Students and communities can now step forward and backwards through time for an interactive journey through some of Queensland’s most seasonal and rapidly changing landscapes – online!
Geography education consultant Rebecca Nichols showcased the new GroundTruth Interactive page and curriculum-mapped educational resources to 200 teachers at Australian Geography Teachers Association (AGTA) Conference on October 3 at the Gold Coast.
These mesmerising GroundTruth interactive animations have also been curriculum-mapped into a suite of cross-curricular educational resources, bringing together art and science in an exciting learning environment.
Through these education tools primary and secondary students explore a range of spatial data and then work in the field to ‘ground truth’ their local area. They are then encouraged to create and share a video narrative with this data that communicates the change to their community over time and into the future. “Ground Truth Network is a great resource for teachers to use,” Rebecca Nichols said. “It’s not just satellite imagery and remote sensing. It’s this idea of where art and science meet.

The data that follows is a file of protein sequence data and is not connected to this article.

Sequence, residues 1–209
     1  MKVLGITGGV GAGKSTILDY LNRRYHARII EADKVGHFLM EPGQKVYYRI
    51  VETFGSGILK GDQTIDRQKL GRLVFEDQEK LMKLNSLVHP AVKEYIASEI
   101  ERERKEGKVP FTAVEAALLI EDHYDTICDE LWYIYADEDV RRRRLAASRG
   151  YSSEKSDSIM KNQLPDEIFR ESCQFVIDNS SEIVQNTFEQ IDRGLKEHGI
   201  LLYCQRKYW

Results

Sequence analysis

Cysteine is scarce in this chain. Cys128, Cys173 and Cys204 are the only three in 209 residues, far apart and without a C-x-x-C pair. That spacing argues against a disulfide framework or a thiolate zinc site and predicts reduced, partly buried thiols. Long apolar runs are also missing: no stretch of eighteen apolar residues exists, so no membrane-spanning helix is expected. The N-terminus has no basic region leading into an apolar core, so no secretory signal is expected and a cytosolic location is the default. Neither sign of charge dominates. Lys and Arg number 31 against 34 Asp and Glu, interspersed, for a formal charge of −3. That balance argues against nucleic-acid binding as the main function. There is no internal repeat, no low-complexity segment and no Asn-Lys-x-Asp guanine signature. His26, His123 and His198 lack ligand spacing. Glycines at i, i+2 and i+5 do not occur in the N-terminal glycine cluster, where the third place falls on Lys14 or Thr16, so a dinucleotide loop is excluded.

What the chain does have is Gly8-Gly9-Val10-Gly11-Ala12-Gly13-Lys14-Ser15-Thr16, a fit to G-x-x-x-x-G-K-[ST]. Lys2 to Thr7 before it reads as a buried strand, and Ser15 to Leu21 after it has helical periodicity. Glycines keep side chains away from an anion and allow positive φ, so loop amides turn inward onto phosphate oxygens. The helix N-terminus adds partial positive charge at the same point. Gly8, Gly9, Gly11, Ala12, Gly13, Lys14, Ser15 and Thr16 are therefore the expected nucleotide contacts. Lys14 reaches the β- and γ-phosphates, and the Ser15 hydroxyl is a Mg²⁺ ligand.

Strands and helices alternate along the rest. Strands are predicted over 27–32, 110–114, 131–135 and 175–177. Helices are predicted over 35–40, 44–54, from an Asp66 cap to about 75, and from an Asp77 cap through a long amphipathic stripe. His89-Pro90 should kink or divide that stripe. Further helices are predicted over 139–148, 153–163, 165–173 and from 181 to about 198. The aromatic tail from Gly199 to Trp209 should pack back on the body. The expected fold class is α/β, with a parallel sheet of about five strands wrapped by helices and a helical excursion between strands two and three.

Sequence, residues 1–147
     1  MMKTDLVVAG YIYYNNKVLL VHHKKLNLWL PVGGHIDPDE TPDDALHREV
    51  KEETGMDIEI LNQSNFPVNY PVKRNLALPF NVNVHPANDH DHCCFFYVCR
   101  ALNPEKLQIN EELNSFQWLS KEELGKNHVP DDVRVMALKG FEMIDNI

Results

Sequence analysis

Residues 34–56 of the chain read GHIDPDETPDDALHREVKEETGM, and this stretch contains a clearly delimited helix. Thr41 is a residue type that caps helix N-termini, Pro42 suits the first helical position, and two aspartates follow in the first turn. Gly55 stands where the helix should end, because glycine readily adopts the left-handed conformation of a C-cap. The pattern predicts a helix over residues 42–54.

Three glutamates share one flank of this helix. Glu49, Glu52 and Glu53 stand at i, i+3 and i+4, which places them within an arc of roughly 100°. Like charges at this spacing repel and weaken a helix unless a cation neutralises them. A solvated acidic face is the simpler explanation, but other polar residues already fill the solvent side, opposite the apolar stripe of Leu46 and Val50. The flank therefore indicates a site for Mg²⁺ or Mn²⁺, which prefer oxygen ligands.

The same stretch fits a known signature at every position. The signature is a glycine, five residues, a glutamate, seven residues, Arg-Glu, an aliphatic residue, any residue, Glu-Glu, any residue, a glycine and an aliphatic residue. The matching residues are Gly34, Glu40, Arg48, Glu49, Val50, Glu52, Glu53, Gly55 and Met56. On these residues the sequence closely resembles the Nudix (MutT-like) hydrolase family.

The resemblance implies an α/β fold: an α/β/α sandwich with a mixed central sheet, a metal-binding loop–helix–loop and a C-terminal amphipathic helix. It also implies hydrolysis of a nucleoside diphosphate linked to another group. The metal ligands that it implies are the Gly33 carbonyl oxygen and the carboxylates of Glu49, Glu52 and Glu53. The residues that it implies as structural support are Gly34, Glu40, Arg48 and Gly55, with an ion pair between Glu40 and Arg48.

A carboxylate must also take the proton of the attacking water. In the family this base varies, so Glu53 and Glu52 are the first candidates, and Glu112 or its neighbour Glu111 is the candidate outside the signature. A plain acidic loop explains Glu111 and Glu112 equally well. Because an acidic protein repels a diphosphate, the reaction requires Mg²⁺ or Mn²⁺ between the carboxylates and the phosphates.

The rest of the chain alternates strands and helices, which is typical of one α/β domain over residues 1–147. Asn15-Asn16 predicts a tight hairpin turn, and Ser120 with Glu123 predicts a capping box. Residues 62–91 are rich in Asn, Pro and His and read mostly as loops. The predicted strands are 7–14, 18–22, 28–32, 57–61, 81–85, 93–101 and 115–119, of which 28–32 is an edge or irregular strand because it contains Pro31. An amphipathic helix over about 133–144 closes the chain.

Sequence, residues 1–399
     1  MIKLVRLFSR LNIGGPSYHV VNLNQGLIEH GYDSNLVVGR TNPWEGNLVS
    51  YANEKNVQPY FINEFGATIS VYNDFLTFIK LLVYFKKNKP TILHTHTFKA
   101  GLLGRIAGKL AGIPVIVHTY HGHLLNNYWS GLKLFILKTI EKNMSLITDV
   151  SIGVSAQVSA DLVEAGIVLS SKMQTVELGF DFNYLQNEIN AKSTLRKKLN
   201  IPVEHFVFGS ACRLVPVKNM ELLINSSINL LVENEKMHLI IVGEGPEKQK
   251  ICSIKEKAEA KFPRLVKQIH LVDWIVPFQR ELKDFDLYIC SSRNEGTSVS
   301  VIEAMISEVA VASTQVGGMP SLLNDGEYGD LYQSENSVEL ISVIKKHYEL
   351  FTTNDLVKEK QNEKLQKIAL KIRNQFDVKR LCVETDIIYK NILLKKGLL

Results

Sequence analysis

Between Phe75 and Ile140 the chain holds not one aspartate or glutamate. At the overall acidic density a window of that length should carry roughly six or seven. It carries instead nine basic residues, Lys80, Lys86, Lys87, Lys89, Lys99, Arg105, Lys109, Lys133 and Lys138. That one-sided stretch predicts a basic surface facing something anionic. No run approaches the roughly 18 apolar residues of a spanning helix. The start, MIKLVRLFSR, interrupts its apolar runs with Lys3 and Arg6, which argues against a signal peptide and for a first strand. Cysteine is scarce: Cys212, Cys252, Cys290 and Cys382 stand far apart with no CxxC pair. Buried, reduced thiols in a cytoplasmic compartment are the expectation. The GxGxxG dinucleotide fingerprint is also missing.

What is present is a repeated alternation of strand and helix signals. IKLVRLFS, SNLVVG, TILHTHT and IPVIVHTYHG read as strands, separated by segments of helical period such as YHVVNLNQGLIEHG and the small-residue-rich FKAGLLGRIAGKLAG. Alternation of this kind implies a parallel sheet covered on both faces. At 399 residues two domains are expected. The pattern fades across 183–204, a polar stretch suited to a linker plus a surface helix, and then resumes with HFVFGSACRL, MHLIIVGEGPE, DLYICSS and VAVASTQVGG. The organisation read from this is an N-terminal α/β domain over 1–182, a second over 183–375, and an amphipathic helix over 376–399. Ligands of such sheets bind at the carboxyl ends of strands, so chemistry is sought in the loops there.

QUT’s Visualisation and e-Research team produced the online interactive animations from the art installation GroundTruth – Fire, Flood and Human Endeavour that showcased at World Science Festival Brisbane last year and at QUT Art Museum’s exhibition Transboundaries: Art + Connection. The immersive media exhibition brought to life satellite imagery of the Greater Brisbane Region, the Channel Country and Cape York to show how humans and nature change the environments we live in. In a unique collaboration, filmmaker and media artist Grania Kelly teamed with Queensland Government remote-sensing scientists and visualisation experts at QUT Institute for Future Environments to bring this mapping to life. Now this exquisite visual and aural work is available online, reducing barriers to access to the suite of educational resources that are artistic, entertaining and science!
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